Mike, my husband, has the LEGO MINDSTORMS EV3 Robot Kit. This robot is for more advanced computer programming and requires a higher level of expertise and patience. Mike has been working with Adelynn, our 7th grader, for the last two years building robots. This summer was the first time Adelynn was able to pick a robot design and program it to move the way she wanted unassisted.
LEGO Education offers many different sets to incorporate STEM into your day. The education packages are grab and go. They do not take much preparation and include all the instructions for students to build a machine. The teacher’s guide enables one to enhance the build by testing different aspects of the machine or challenging students to change the machine to optimize a specific feature.
STEM education fits naturally into our school day rhythm. When there is time in our day, we create, build, and solve problems. One of our core family values is to be a builder which is demonstrated in more ways than just STEM education.
This summer has opened plenty of opportunities for our kids to see that we value building. Whether we are building a garden, building up our family relationships, or building up our community by simple acts of kindness, it is vital to our family culture to be a builder. Builders are focused on the task before them and improving the world they live in.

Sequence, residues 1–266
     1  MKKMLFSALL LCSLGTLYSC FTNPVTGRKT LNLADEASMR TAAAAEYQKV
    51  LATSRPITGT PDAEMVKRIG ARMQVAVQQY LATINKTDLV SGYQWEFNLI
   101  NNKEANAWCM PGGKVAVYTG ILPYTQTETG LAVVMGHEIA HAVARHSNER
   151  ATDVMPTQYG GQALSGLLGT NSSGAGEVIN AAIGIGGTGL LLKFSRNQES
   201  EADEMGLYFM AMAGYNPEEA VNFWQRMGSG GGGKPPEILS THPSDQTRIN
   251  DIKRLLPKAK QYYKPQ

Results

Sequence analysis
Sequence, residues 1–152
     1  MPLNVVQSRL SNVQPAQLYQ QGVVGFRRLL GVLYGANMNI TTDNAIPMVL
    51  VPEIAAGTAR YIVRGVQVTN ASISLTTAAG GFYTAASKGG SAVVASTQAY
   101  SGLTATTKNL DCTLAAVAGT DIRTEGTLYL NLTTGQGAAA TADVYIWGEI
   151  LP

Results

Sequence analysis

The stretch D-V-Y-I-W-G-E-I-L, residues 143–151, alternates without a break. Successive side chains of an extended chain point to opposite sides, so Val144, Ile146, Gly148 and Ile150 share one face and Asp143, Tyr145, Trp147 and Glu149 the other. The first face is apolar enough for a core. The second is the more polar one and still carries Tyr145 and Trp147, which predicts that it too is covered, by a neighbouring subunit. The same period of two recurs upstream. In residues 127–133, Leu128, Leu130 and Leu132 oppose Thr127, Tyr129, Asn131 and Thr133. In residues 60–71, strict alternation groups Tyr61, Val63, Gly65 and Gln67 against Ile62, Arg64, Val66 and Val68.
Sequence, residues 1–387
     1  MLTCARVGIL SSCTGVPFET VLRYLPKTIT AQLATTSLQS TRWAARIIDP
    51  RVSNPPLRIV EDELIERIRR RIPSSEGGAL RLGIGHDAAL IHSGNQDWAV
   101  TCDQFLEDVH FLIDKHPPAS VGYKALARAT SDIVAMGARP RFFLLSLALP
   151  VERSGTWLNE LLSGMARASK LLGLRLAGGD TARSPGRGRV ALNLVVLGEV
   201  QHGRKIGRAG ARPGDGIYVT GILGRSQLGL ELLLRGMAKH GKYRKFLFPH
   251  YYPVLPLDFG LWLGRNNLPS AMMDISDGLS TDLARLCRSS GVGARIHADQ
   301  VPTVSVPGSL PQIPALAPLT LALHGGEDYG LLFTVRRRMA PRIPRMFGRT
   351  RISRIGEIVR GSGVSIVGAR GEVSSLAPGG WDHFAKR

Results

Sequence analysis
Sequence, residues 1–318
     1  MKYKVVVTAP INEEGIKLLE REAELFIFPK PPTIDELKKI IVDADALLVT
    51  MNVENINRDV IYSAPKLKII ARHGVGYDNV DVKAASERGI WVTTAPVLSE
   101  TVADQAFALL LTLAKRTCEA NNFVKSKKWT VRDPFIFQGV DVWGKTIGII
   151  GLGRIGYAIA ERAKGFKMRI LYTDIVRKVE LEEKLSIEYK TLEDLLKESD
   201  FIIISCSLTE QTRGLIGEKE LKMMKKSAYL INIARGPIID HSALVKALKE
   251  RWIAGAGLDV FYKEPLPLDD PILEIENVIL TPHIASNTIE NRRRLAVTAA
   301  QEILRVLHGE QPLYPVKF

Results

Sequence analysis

When I am writing a new blog post, working on a larger home project, building on our side hustle, or intentionally creating a positive learning environment, I am demonstrating to our girls the value of being a builder. Builders have a can-do attitude, overcome obstacles, think on their feet, evaluate risk, solve problems, and leave a positive impact on those around them.
As a home educator, it is not only the curriculum that I hope my children learn but the values and character traits that form in our daily life.
How do you challenge your child to be a builder?